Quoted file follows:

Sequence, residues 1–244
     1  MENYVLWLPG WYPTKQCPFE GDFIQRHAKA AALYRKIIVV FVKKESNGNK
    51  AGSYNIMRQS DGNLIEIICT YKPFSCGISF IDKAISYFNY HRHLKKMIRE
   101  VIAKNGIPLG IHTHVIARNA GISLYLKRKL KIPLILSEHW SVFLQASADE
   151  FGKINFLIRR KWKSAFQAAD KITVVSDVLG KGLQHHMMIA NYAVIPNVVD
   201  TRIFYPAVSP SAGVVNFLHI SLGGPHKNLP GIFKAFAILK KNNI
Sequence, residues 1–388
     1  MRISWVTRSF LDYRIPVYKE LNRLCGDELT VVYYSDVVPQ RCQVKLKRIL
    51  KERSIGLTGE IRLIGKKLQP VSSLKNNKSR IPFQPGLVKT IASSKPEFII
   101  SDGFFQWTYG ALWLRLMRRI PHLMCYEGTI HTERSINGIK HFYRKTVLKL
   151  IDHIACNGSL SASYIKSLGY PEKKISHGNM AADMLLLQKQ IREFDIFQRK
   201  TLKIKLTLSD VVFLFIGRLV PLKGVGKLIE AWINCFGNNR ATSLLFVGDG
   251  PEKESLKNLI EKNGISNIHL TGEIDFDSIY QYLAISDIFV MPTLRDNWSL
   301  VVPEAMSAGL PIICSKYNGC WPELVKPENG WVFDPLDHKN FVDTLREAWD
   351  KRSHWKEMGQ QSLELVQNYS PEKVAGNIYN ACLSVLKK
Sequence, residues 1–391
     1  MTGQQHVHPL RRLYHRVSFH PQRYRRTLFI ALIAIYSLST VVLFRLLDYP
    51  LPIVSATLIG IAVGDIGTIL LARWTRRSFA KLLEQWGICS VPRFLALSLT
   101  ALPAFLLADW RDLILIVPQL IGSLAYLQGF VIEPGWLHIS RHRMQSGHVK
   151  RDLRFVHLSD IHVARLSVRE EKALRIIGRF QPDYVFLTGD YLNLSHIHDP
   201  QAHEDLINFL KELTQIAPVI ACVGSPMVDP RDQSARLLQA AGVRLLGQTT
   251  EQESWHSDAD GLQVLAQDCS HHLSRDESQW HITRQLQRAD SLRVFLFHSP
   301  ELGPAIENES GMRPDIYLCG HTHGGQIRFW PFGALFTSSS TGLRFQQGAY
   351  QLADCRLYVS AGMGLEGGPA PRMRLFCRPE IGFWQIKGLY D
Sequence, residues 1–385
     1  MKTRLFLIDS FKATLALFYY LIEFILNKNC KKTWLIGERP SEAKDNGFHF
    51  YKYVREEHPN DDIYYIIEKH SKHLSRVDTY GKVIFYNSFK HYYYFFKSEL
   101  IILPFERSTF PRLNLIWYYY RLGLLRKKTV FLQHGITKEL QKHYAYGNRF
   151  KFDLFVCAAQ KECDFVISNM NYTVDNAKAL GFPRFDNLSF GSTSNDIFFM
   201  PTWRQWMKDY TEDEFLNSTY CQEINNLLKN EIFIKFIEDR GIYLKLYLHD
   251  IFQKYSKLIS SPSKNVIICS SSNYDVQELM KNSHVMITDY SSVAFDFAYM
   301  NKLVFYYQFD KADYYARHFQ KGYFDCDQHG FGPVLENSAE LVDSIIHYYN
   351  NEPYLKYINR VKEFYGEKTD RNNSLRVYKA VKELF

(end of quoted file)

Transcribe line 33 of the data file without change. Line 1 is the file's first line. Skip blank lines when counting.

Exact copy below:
   351  NEPYLKYINR VKEFYGEKTD RNNSLRVYKA VKELF